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Your 10-minute guide to Experiential Marketing

By definition, Experiential Marketing is strategically managing the entire customer experience with a product or a company. But why should an organization go the experiential way rather than traditional forms of advertising?

One, experiential marketing helps you build more of a one-to-one relationship with your clients allowing a more emotional connection. EM allows you the opportunity of appealing to your customer’s senses of touch, feel, smell, sound, etc. In short Experiential Marketing cuts out the noise and allows us to convey our brand experience in ways traditional marketing can not.

Yep Sarthi, sounds great, but how can I use experiential marketing for my brand?

The first thing you need for that is to figure out your key brand attributes. What does my brand stand for? What do I want it to convey? What do people think when they see my logo? What do I want them to think instead? This step is important because you can't really communicate until you have a message to convey. Right?

This could mean different things to different organizations. For instance, Nike stands for ‘sports for everyone’. For instance, while Coca-Cola stands for ‘Happiness’, 7Up may want to position itself as the ‘UnCola’. Whatever your message is, You need to make sure it is clear, concise, and ‘cuts through’ the noise.

As Marketing Guru Seth Godin puts it, “if you do not have a positioning statement in 8 words then you don't have a positioning statement”

After you are done figuring out the key attributes that you want to convey, the next thing you want to do is to brainstorm and ideate ways in which you can communicate your brand’s message. Ask yourselves the following questions. How do my customers interact with my organization? What problem does my product solve? How can I demonstrate that in the best possible way? How can I showcase the great experiences that we deliver in the best possible way?

For instance, if you are a travel company specializing in South Asian Destinations, organize a fair which shows the cultures of some South Asian countries, maybe collaborate with a restaurant and sample different Asian cuisines. Add a Call To Action like a signup table. And voila! You have an experiential marketing event. AIESEC does a great job at organizing ‘global villages’ like these-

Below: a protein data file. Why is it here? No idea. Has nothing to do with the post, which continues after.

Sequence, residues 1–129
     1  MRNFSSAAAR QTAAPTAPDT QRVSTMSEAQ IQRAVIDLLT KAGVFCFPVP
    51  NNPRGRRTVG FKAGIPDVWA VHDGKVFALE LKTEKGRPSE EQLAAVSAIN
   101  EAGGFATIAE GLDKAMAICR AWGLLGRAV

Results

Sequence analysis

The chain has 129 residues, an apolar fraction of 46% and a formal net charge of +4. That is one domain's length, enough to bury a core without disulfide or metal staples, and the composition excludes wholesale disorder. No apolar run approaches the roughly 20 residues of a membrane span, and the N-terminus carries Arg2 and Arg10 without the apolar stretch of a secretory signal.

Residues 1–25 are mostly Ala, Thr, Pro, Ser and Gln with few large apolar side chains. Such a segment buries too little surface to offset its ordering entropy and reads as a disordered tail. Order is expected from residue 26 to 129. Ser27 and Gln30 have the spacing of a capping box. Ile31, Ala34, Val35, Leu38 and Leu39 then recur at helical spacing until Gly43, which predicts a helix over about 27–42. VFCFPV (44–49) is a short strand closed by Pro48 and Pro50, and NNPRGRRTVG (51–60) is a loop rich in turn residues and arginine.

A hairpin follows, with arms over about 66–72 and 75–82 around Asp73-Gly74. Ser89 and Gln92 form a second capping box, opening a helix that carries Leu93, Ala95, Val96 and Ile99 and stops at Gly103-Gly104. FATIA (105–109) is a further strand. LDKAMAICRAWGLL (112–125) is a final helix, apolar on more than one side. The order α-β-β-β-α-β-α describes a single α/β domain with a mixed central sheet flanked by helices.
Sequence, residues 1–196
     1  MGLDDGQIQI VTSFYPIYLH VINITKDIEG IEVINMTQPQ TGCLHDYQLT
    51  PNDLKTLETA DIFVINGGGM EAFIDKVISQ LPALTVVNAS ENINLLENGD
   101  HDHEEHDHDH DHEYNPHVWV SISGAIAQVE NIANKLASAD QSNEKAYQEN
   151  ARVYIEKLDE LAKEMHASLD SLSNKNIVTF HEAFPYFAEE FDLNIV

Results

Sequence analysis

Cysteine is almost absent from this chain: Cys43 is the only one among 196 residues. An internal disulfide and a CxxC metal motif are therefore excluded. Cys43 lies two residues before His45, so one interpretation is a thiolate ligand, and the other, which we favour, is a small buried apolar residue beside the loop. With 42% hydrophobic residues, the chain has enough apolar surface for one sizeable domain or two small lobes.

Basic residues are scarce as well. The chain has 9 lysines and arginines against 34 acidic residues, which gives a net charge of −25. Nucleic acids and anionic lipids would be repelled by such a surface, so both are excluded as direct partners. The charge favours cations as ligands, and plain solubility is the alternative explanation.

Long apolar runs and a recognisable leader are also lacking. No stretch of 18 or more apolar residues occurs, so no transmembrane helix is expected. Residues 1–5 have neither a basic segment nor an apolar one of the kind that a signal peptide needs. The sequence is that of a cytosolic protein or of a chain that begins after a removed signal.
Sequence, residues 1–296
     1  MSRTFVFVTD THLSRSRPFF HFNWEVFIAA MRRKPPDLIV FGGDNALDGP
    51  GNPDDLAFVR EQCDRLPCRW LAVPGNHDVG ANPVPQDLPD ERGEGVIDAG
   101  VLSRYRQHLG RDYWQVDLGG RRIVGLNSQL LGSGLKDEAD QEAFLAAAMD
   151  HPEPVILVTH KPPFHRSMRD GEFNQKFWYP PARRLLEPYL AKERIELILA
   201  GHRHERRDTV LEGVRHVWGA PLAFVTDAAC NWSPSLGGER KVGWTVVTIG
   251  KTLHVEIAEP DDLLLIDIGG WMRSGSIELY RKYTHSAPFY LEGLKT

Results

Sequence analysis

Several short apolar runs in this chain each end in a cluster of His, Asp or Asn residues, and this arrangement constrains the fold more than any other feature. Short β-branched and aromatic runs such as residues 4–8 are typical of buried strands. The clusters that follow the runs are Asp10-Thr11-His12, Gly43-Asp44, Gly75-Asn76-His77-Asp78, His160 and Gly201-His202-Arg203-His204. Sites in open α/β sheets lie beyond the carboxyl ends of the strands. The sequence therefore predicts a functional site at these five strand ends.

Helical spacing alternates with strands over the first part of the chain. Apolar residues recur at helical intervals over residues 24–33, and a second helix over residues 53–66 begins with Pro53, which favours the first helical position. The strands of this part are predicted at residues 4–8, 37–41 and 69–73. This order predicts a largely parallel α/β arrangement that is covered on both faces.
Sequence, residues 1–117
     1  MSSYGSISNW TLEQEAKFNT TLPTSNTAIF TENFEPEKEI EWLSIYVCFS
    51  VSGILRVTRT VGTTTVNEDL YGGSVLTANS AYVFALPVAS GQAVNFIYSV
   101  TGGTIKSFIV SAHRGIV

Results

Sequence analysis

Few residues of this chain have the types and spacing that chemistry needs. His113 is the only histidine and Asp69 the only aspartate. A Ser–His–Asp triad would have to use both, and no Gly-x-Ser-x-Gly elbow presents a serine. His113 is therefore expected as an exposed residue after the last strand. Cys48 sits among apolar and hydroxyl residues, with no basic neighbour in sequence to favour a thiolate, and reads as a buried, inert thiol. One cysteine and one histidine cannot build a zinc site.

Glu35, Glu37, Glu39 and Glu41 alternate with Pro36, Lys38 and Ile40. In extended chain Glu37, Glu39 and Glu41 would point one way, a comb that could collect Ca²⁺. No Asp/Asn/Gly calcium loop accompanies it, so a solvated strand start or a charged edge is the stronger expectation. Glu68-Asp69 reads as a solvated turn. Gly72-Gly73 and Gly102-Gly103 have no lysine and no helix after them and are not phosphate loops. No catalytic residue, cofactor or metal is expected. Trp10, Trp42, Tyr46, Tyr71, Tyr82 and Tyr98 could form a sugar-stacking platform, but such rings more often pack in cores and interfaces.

If you are an organization that sells beauty products, organize a product trial event with models & mannequins, and distribute testers and samples. Collect a database of your potential customers, and engage and nurture them till you get sales. Doesn’t sound so difficult, does it?

While expanding operations in India, Uber exemplified experience marketing excellently(The E-Alliteration wasn't on purpose). By installing Wi-Fi-powered booths outside events and bars, they got new users to sign up for Uber, and get a free ride home while giving them a great first touchpoint with the Uber brand. Apple stores allow visitors to try hands-on what their products look and feel like.

Getting your product in hand/in mind is key.

Nike too devised a novel way to deliver such brand experiences. In advocating their values of ‘Sport for everyone’ a lot of new Nike stores have indoor soccer and basketball courts. Yes, that’s a mini-playing field, in a store! (I can play soccer while Mama does groceries!!!) Can you think of a better way to engage customers and let them personally engage with your brand? I can’t.

In the year 2013, In the midst of border skirmishes and tensions between the two Asian neighbors, Coca-Cola installed kiosks/vending machines to connect Indian and Pakistani Coke customers. Have a look-

In doing so, Coca-Cola connected its customers to one of its key brand attributes ’Happiness’ while addressing a major socio-political issue in India & Pakistan. Almost always brings a tear to my eye :’).

Often experiential branding can mean the smallest of things like wine and cheese tasting, setting up display booths, etc. But depending on the nature of your product/service it can also mean elaborate corporate dinners, Test rides, and networking events. As a marketer, you need to keep evaluating if your brand experience is being communicated in the best possible way or not.

One thing that can be said about experiential marketing is that it can be really fun! The possibilities are endless and don’t always involve a huge marketing budget. As a marketer, the onus is on you to come up with exciting ways to communicate your brand to prospects.

A thing that needs to be kept in mind is that experiential marketing is just a way of Promotions. And that is just one ‘P’ of the marketing mix. If your other ‘P’s, say your product is not up to the mark and you and your team are not really delivering the goods in the market, Your marketing efforts would, of course, fall flat, to say the least. Use tools like Customer Experience Mapping to evaluate how your customer touchpoints are performing.

To re-iterate here are some things you need to ask-

1) What does my brand stand for?

2) How can I replicate & convey these attributes in the best possible way to my customers?

3) Am I conveying my product/brand experience in a simplified yet memorable way?

4) Is there room for two-way interaction in my marketing event?

And BOOM! You are ready to experientially brand your product/service.

Bonus Video- Coke’s James Bond Campaign

The purpose of this article is to introduce you to experiential branding and some case practices from around the world. Feel free to share examples of your favorite campaigns with marketers around you!


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